TouchOSC is an app that allows control of our DAWs from our iOS device such as an iPad or iPhone via MIDI or OSC messages. It comes with preset interfaces for Ableton Live and Logic as well as having the functionality to design your own.
The website’s documentation is fairly comprehensive but is quite long. In addition, for use with Ableton Live, it’s necessary to install Live Control, which has its own documentation – I’ve tried to condense their installation processes into one and simplify them where possible.
Firstly you will need to install Pure Data and, depending on your operating system (Mac OS X 10.4/Tiger or 10.3/Panther) you may be required to install X11 (or you can install XQuartz). Pure Data is an open source programming visual language (!) but it’s useful for us to send and receive messages to TouchOSC.
Next you’ll need to download basic.pd. Upon opening you should see this:
On the left we can see the dumpOSC 8000 box meaning Pure Data will listen to OSC messages on port 8000.
Now we’ll need to create a network on our desktop or laptop. Get your iOS device to join the network and note the IP address listed in network preferences.
Open up TouchOSC on your iOS device, and a connections tab should greet you. If not, click the grey circle on the top right of the screen.
Inside it, match the IP address to that of the network you’ve created and the Port (outgoing) to the dumpOSC number inside basic.pd (in our case, 8000). The Port (incoming) should default to 9000; if it doesn’t, leave it as it is.
Head to your Audio/MIDI Preferences (found in Macintosh HD > Applications > Utilities). In the MIDI Preferences page click on Network and click + (plus) to add a new session. Now that’s done, select the iOS device you want to send OSC messages to your laptop/desktop computer from and click the Connect button.
If you’ve followed the above steps correctly, TouchOSC’s Connections panel should now read, ‘CoreMIDI: In(1/1) Out (1/1)’ meaning we’re ready to move on to the next steps. If this isn’t the case, or you can’t connect to the device, ensure you’ve disabled any firewalls or security software that might stop third party devices from connecting to an ad hoc network.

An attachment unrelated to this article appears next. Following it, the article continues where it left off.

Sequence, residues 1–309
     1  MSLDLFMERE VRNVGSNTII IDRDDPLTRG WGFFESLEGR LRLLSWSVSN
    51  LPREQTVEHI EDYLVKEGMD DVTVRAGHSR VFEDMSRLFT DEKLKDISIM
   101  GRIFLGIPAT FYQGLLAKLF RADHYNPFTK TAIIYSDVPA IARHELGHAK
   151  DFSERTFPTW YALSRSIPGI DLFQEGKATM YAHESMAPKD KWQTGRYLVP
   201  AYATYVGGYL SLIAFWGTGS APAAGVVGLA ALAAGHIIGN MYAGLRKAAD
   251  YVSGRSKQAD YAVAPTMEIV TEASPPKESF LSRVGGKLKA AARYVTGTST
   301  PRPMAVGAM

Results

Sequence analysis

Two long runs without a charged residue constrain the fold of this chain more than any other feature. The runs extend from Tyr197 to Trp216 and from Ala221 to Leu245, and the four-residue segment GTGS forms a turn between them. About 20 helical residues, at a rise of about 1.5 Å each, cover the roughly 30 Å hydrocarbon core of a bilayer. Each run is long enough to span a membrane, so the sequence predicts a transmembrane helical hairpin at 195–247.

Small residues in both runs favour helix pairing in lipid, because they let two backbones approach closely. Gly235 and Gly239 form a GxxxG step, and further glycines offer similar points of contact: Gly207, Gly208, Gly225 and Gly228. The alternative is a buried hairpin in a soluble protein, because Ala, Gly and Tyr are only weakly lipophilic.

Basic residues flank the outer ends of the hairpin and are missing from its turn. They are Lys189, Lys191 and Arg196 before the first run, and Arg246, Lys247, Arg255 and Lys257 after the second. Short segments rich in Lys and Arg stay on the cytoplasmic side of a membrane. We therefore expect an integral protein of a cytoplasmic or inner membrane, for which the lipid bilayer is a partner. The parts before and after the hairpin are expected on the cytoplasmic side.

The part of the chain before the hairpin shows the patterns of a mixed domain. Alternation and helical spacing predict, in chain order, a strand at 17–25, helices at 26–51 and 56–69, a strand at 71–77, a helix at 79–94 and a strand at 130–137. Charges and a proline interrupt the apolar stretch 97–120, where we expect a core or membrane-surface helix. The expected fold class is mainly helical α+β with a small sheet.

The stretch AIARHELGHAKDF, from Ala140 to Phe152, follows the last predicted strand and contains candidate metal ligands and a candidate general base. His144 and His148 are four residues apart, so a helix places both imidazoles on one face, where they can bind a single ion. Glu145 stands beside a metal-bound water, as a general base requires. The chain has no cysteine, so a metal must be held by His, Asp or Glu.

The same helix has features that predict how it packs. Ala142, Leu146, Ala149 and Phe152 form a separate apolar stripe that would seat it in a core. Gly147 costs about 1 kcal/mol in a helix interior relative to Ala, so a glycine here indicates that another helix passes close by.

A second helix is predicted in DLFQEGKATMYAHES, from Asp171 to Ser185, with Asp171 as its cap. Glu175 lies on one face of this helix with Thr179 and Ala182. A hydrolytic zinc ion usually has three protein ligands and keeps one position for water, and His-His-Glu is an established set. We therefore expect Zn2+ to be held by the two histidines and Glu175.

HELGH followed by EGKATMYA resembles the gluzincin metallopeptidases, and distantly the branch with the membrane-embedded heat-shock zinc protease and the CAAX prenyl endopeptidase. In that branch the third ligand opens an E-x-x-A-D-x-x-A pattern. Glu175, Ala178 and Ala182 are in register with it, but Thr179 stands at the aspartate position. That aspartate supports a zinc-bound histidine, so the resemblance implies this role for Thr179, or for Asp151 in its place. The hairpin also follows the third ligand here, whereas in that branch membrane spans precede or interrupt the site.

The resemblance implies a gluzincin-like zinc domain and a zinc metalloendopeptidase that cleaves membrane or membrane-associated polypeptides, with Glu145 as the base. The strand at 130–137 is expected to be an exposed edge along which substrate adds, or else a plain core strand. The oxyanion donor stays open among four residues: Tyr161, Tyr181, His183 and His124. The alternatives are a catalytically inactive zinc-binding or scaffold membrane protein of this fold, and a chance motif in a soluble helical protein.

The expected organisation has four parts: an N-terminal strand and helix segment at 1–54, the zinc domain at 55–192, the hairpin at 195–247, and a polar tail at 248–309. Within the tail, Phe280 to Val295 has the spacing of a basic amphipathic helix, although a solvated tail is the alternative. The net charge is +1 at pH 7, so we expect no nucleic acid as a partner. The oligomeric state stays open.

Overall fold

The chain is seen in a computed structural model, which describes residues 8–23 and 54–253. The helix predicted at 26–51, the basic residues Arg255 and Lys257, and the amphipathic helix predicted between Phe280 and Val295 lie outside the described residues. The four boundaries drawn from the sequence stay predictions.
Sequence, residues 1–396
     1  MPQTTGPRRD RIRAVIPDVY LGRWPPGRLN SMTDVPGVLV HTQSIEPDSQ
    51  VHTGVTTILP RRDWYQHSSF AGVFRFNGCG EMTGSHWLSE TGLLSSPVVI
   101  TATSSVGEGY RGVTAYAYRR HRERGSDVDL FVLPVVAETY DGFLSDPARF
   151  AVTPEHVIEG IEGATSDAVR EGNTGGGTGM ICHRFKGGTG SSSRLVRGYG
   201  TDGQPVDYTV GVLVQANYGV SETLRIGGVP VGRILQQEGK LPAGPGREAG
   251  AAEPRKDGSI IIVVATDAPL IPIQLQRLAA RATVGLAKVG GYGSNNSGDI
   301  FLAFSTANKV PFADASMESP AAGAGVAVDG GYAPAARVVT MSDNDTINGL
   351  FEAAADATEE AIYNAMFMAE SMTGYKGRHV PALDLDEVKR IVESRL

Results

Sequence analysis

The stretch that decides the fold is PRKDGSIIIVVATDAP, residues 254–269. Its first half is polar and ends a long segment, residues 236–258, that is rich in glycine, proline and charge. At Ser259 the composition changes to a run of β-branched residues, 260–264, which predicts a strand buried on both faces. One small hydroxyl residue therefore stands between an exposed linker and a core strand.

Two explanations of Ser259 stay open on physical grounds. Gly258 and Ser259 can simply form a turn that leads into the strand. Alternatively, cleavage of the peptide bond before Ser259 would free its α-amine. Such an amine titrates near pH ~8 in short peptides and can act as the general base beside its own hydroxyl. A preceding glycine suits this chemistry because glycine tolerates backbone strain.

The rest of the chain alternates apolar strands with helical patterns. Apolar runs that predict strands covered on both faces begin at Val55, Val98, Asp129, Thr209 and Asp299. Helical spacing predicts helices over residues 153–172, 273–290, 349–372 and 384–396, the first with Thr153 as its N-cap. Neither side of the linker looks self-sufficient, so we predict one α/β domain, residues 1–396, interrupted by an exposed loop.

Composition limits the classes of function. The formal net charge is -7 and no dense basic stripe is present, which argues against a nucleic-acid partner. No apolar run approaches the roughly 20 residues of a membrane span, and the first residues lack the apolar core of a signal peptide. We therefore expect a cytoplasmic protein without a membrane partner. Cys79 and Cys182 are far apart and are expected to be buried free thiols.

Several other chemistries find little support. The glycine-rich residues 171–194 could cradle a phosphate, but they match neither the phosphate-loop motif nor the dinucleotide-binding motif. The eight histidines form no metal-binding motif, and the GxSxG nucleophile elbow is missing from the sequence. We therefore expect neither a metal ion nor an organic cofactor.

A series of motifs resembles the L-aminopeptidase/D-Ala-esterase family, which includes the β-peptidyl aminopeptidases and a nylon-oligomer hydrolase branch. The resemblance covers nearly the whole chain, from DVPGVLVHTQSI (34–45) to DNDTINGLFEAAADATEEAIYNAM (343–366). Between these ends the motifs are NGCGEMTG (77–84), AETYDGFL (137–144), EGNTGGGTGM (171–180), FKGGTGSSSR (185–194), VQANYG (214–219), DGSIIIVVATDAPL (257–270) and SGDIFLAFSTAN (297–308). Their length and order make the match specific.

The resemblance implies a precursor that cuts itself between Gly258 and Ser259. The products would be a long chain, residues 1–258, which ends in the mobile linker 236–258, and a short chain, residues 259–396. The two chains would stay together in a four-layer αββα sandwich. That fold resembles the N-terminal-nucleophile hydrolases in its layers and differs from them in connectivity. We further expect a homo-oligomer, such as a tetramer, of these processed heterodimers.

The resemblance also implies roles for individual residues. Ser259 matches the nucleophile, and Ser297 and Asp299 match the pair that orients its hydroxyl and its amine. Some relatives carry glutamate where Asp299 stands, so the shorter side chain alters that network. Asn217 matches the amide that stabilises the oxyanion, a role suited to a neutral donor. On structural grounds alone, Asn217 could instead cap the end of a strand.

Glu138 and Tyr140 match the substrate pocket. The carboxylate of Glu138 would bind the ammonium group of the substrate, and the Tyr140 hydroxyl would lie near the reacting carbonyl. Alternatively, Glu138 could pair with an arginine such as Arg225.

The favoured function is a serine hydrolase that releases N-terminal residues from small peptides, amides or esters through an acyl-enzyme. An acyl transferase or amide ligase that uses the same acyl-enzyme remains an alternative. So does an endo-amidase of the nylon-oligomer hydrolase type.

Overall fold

Come out of the Connections page and select a Layout. I’ve gone with LiveControl iPad, as this is designed for Ableton Live. In the Launcher tab we can see what looks like a digital version of Push or LaunchPad which is, in fact, a representation of Live’s Session view. There are also tabs for Mixer, Device, Sequencer, XY Pad, Drums and Keys which we’ll come onto later.
Referring back to Pure Data we should see incoming text when we touch the iPad, corresponding to what we’ve pressed.
If you want to use TouchOSC with Ableton, it’s necessary to download LiveControl’s software. Run the installer and drag the icon into your Applications folder. Open it up and set the MIDI Port and Connection Device to correlate with your session.
Now load up Ableton and hit cmd + , (or click Live > Preferences) to open the Preferences and head to the MIDI Sync tab.
In the Control Surfaces drop-down menu select LiveControl TO and in MIDI Ports check the boxes below to enable LiveControl 1 and 2’s inputs. I’ve loaded a project and, in Session view, TouchOSC now corresponds with my clips. If you’ve followed the steps correctly you’ll also see an orange rectangle around a number of clips in Live.
(click on the image to view a larger version)
TouchOSC is now ready to use with Live!
The Launcher view is fairly self explanatory: the coloured rectangles correspond to clips and the turquoise buttons on the right are the scenes. The Mixer section shouldn’t need much explanation either.
The Device relates to whatever track is selected and, because of its eight-rotary layout, it’s 100% worth using Instrument/Audio Effects/MIDI Racks.
The Sequencer, Drums and Keys tabs will work with a MIDI track as it’s basically a loop-able piano roll (like a blank MIDI clip). The XY Pad takes some configuration but is really powerful once it’s up and running. Similarly to the the Device tab, it’s worth using racks to get the most out of this.
In the Options panel within TouchOSC’s preferences you can enable certain features like your iOS device’s Accelerometer, which is nice.